When Jerusalem born Ellie beer was six years old he and his brother witnessed a suicide bombing in Jerusalem, on their way back from school. The two young boys, saw a man yelling for help on the sidewalk but were so scared they ran home.
This experience instilled within Ellie a drive to save lives, so ten years later, he volunteered at a local ambulance service, eager to fulfill his mission. However, in two years of volunteering, he never got to save a single life, as his crew always arrived too late on the scene.
One day, they responded to an emergency call relating to a boy who was choking on a hotdog. There was terrible traffic that day, he says, and the ambulance desperately tried to get to the boy. When they finally arrived they initiated CPR on the boy. During this, a doctor from the neighborhood came running in to help, but told them to stop. He declared the boy dead. Ellie, heartbroken, realized that the boy died for nothing. If only, the doctor had been alerted earlier, the event would have ended different.
This set him off on what he describes was his life mission, to find a better solution.
In 1996, Bear founded Hatzolla Israel, now United Hatzolla, using specially equipped motorcycle ambulances and an advanced GPS technological application, to provide free around the clock rapid response to emergency situations across Israel. Their network of over 2,500 dedicated volunteer medics has so far provided emergency medical treatment to over 207,000 people, of which 47,000 were life-critical situations and with an average response-time, in less than three minutes.
After an emergency call, the organizations GPS application, developed by NowForce, dispatches the call to the closest five medics in the area and they drop whatever they are doing and go to the scene. Volunteers drive fully-equipped “Ambucycles,” wherever they go, supplied by the organization.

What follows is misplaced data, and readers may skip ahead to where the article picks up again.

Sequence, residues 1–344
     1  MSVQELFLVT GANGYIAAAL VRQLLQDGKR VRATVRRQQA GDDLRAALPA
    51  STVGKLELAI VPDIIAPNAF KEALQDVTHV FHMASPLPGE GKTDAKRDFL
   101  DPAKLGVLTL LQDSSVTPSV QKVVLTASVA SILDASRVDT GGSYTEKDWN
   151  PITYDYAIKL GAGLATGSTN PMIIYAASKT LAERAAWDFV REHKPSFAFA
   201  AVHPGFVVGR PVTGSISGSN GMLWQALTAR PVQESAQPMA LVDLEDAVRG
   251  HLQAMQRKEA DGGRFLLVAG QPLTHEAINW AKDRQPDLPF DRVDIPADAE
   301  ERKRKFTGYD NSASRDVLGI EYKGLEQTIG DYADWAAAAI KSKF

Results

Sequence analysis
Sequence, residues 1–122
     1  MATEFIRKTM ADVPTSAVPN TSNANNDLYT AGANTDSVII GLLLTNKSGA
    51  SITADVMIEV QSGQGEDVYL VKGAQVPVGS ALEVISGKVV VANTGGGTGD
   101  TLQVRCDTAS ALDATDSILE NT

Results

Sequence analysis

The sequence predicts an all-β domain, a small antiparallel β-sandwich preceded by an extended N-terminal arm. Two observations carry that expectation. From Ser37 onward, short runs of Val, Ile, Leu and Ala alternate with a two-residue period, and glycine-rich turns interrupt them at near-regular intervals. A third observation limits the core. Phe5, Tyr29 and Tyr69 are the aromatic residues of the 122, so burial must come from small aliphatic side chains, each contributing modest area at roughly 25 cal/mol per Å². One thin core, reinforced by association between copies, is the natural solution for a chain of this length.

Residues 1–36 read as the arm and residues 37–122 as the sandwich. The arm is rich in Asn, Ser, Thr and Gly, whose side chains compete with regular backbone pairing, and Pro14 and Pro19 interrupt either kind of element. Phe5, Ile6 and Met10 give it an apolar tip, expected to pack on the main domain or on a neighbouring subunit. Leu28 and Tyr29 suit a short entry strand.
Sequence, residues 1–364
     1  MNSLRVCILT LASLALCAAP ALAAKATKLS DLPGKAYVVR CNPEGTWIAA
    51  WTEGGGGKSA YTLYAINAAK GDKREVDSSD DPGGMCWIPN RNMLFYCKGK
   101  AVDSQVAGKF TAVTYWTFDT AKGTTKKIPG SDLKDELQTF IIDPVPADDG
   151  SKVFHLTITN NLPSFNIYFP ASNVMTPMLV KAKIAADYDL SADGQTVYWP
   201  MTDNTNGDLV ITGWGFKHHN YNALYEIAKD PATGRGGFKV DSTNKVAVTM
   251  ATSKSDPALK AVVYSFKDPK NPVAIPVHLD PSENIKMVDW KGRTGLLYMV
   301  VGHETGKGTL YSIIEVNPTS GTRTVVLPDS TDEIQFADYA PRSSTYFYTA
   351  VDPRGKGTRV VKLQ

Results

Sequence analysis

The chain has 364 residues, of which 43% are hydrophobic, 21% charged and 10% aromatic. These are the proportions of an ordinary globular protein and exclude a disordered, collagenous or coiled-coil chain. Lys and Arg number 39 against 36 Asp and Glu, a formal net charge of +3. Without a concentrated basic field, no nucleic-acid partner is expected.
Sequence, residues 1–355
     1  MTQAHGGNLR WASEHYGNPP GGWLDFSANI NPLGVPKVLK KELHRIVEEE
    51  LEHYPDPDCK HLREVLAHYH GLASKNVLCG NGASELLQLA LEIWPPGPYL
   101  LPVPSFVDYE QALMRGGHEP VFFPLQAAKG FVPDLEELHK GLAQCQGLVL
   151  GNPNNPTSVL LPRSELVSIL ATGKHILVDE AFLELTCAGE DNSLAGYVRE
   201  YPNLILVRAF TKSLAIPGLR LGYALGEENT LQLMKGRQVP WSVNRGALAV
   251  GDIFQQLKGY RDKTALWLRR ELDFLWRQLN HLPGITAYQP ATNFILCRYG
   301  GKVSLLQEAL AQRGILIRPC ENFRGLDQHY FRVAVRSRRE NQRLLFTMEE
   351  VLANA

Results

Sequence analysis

Beer recalls how as teenagers, following that initial incident, 15 friends and him bought police transmitters and tapped into the frequencies of the ambulance service, so that if anything happened close to their neighborhood, they would be first on the scene.
In 2010, Beer received the Social Entrepreneur Award from the Schwab Foundation for Social Entrepreneurship, in cooperation with the World Economic Forum of Davos. The award is given to those driving social innovation and transformation in various fields including education, health, environment and enterprise development.
In 2002, Ellie got a call from two Muslim Arabs from East Jerusalem, Muhammed Asli and Murahd Alian, who wanted to talk to him. They told him that their 77 year old father had died from a heart-attack, in front of their eyes, after the ambulance arrived an hour after the distress call.
They told him that they wanted him to start Hatzolla in their neighborhood. He agreed and went ahead in full force and started United-Hatzollah, in East Jerusalem.
“Hand in hand, Jews and Muslims were working together to save lives. It’s not about saving Jews or saving Muslims or Saving Christians but about saving lives,” he says.
When Elli’s father collapsed from a heart-attack a few years later, the first medic to arrive on the scene and save his father’s life, was a Muslim Arab from East Jerusalem. “You can imagine how I felt,” says Ellie.